Beware Trump When the country you love have have served for 33 years is threatened, you have an obligation and a duty to speak out. Now is the time for all Americans to speak out against a possible Donald Trump presidency. During the past year Trump has been exposed as a pathological liar, a demagogue and a person who is totally unfit to assume the presidency of our already great country...

Picture Worth 1,000 Words Nobody disagrees with the need for affordable housing or that a certain level of density is dollar smart for TC. The issue is the proposed solution. If you haven’t already seen the architect’s rendition for the site, please Google “Pine Street Development Traverse City”...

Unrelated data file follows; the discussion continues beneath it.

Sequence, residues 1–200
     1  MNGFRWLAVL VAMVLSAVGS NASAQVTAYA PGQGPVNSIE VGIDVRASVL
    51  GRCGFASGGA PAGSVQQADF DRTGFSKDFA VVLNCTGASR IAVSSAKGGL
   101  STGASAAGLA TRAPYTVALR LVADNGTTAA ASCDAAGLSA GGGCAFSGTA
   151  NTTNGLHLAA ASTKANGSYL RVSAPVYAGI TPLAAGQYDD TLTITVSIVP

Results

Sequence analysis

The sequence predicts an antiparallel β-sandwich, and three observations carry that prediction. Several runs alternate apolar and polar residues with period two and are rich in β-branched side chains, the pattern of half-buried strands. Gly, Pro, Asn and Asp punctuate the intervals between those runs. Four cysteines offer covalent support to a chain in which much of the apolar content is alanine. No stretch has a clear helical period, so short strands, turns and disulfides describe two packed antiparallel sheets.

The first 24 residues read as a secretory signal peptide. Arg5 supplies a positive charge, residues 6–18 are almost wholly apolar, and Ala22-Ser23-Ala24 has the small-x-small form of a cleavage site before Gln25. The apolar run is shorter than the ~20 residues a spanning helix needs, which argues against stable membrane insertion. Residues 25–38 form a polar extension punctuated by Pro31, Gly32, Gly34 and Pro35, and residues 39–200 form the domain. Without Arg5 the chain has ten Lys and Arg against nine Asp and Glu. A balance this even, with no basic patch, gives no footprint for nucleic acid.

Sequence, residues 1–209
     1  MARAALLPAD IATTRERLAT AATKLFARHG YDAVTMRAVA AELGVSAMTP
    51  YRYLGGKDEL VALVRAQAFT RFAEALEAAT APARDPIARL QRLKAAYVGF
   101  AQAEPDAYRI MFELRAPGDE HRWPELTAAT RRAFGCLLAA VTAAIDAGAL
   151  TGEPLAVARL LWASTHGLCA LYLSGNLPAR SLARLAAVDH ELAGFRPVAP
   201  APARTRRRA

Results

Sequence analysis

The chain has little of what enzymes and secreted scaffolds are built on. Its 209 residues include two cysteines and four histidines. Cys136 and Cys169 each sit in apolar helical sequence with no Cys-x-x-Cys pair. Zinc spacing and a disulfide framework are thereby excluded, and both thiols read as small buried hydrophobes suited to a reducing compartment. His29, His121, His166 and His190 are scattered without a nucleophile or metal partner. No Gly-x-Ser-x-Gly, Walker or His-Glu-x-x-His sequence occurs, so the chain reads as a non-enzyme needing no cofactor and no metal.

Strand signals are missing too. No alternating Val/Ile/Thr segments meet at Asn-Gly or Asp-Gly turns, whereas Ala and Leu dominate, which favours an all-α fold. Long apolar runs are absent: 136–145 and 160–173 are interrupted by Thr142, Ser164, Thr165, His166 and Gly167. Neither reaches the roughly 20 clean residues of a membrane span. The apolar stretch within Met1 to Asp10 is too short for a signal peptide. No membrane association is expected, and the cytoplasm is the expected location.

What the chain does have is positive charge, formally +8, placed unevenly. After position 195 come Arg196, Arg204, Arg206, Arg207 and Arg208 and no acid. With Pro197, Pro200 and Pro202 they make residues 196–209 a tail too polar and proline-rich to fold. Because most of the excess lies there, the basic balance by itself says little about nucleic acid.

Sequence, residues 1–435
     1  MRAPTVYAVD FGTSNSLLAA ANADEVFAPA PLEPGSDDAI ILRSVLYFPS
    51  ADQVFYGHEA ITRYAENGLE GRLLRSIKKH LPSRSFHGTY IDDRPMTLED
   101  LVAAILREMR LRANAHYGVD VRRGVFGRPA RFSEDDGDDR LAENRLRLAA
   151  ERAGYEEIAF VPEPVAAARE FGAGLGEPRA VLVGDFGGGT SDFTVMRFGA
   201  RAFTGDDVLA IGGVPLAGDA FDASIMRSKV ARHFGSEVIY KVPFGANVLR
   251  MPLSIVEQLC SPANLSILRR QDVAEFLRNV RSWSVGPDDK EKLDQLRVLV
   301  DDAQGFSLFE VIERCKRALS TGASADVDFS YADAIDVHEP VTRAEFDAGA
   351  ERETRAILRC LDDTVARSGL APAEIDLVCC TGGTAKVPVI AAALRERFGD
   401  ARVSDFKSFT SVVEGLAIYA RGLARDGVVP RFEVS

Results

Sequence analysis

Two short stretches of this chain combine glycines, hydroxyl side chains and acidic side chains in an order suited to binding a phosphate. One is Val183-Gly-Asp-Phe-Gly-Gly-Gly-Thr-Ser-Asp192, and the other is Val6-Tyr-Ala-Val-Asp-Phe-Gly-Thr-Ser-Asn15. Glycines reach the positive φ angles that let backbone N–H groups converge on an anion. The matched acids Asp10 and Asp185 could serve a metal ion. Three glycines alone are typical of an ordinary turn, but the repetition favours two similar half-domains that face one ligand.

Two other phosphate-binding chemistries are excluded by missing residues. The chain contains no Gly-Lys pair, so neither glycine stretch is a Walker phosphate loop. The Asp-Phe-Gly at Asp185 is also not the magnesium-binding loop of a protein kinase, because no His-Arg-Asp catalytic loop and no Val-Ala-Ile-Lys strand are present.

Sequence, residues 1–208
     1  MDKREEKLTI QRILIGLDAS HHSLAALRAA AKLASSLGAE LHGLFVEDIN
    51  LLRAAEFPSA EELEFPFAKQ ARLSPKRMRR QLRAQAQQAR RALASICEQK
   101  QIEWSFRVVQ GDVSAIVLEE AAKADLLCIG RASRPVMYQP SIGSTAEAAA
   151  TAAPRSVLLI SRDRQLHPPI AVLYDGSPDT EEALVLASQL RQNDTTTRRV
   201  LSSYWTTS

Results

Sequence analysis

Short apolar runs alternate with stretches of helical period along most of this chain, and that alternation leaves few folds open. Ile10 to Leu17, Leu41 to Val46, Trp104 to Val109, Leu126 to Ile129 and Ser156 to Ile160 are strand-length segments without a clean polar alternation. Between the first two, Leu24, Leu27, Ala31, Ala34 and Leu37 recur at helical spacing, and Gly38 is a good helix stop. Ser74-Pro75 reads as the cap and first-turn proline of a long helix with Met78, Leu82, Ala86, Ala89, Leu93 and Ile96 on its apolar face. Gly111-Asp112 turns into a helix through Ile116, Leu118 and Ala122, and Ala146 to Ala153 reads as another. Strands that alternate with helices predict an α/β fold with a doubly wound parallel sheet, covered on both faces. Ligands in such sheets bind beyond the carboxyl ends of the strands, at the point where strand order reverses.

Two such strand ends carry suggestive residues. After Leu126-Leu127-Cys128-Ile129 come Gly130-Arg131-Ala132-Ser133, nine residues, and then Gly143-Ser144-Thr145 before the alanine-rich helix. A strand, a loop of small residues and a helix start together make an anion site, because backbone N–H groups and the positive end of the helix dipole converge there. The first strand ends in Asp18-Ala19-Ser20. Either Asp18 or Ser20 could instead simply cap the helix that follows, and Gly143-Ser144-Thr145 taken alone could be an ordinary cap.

Living Wage, Not Tall Buildings Our community deserves better than the StandUp TC “vote no” arguments. They are not truthful. Their yard signs say: “More Housing. Less Red Tape. Vote like you want your kids to live here.” The truth: More housing, but for whom? At what price..

Home · Articles · News · Books · Revisiting the Good Hart murders
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Revisiting the Good Hart murders

Glen Young - July 7th, 2008
Much of what happened that summer day in 1968 is known. Six members of a prominent Detroit area family were gunned down in their summer cottage near Good Hart, north of Harbor Springs. No credible witnesses came forward to aid police. The community and the nation were stunned. These facts and a few others are prolifically documented.
What is not known is who committed the murders, or why. The uncertainty has haunted family members, vexed law enforcement, and intrigued the curious for 40 years.